Rome responded by sending reinforcements under the control of Gen. Gnaeus Pompeius Magnus, who would go on to become Pompey the Great. The epic struggle between these two commanders, known as the Sertorian War, is a masterclass of ancient strategy and tactical maneuver. Massively outnumbered, Sertorius remained undefeated on the battlefield, but was eventually assassinated by jealous subordinates, none of whom proved a match for Pompey.
The tale of Sertorius is both the story of a people struggling to liberate themselves from oppressive rule, and the story of a man who started as an idealist and ended almost as savage and despotic as his enemies. But above all, it is the story of a duel between two great generals, fought between two different styles of army in the valleys of the Spanish interior.
Philip Matyszak relates how, over the next two-and-a half centuries, Rome conquered and took over these kingdoms while adopting so much of Hellenistic culture that the resultant hybrid is known as ‘Graeco-Roman’
Refreshingly, the story is largely told from the viewpoint of the Hellenistic kingdoms. At the outset, the Romans are little more than another small state in the barbarian west, and less of a consideration than the Scythians or Jews. Much of the narrative therefore focuses on the ‘game of thrones’ between the Hellenistic powers, a tale of assassinations, double crosses, dynastic incest and warfare. As the Roman threat grows, however, it belatedly becomes the primary concern of the kingdoms as the legions destroy them one by one.
When Alexander the Great died in 323 BC, he left an empire that stretched from the shores of the Adriatic to the mountains of Afghanistan. This empire did not survive Alexander’s death, and rapidly broke into several successor states. These states, substantial kingdoms in their own right, dominated Asia Minor, Greece, the Levant and Egypt for the next three hundred years.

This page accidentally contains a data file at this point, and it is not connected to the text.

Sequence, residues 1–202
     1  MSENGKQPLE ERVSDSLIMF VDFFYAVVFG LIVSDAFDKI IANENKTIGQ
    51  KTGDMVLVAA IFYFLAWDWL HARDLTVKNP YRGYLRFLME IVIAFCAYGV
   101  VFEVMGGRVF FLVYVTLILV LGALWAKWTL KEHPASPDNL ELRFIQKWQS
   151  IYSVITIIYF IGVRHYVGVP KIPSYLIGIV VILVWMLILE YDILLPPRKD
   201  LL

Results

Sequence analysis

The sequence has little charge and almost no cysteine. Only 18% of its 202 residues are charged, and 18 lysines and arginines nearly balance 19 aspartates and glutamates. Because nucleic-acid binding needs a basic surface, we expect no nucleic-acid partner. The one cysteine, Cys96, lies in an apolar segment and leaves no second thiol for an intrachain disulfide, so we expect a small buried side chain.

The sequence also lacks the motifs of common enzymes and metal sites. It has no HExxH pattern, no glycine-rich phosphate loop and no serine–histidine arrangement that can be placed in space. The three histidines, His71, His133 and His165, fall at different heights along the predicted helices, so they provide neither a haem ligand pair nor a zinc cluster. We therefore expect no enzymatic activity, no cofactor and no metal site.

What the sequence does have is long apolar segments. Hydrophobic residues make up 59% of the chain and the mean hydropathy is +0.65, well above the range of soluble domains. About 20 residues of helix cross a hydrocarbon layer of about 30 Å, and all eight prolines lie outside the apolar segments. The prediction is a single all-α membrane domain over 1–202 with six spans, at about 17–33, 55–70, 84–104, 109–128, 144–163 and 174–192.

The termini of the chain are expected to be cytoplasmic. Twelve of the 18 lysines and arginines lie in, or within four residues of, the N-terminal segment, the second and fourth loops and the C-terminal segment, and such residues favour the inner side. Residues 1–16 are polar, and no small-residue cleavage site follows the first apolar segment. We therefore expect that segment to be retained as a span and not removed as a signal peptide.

While Philip Matyszak’s narrative covers their remarkable contribution of the Eastern Greeks in fields such as philosophy, science and culture, the main focus is on the rivalry, politics and wars, both civil and foreign, which the Hellenistic rulers constantly fought among themselves. As in other fields, the Successor Kingdoms were innovators in the military and diplomatic field. Indeed, their wars and diplomatic skirmishes closely presage those of eighteenth-century Europe and the superpower rivalries of the twentieth century. The complex interaction of these different kingdoms, each with its own character and evolving military systems, combined geopolitics and grand strategy with diplomatic duplicity, and relentless warfare. The epic story of the successor states is full of flawed heroes, palace intrigue, murder, treachery, incest, rebellion and conquest.
From the earliest times of prehistoric Greek colonies around the Black Sea, through settlements in Spain and Italy, to the conquests of Alexander and the glories of the Hellenistic era, Philip Matyszak illuminates the Greek soldiers, statesmen, scientists and philosophers who, though they seldom – if ever – set foot on the Greek mainland, nevertheless laid the foundations of what we call 'Greek culture' today. Instead of following the well-worn path of describing Athenian democracy and Spartan militarism, this book offers a fresh look at what it meant to be Greek by telling the story of the Greeks abroad, from India to Spain.
An insider's guide: how to join the Roman legions, wield a gladius, storm cities, and conquer the world
Your emperor needs you for the Roman army! The year is AD 100 and Rome stands supreme and unconquerable from the desert sands of Mesopotamia to the misty highlands of Caledonia. Yet the might of Rome rests completely on the armored shoulders of the legionaries who hold back the barbarian hordes and push forward the frontiers of empire.
This carefully researched yet entertainingly nonacademic book tells you how to join the Roman legions, the best places to serve, and how to keep your armor from getting rusty. Learn to march under the eagles of Rome, from training, campaigns, and battle to the glory of a Roman Triumph and retirement with a pension plan. Every aspect of army life is discussed, from drill to diet, with handy tips on topics such as how to select the best boots or how to avoid being skewered by enemy spears. Combining the latest archaeological discoveries with the written records of those who actually saw the Roman legions in action, this book provides a vivid picture of what it meant to be a Roman legionary.